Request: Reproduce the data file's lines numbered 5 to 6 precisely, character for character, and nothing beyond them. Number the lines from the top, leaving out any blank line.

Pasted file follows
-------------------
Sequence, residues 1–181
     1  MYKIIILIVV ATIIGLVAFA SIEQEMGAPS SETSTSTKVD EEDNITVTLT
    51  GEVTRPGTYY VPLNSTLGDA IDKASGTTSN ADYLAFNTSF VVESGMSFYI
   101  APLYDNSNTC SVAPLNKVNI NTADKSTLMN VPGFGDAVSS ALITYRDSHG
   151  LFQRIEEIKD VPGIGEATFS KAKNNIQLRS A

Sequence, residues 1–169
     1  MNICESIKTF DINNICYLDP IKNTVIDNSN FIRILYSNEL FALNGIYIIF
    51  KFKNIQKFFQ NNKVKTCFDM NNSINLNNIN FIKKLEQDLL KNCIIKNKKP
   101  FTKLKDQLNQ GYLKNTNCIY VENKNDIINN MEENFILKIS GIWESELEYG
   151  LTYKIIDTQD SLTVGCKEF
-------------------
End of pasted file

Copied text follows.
   151  LFQRIEEIKD VPGIGEATFS KAKNNIQLRS A

Sequence, residues 1–169